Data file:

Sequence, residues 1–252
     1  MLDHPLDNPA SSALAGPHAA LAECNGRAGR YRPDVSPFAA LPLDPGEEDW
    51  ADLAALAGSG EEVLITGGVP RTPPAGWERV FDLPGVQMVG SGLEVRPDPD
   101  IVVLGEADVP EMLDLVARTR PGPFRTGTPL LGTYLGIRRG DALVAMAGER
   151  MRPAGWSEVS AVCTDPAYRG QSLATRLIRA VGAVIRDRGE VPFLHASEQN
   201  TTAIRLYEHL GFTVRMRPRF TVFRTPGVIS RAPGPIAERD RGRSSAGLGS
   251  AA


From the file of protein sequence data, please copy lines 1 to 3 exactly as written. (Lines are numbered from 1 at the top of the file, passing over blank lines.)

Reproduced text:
Sequence, residues 1–252
     1  MLDHPLDNPA SSALAGPHAA LAECNGRAGR YRPDVSPFAA LPLDPGEEDW
    51  ADLAALAGSG EEVLITGGVP RTPPAGWERV FDLPGVQMVG SGLEVRPDPD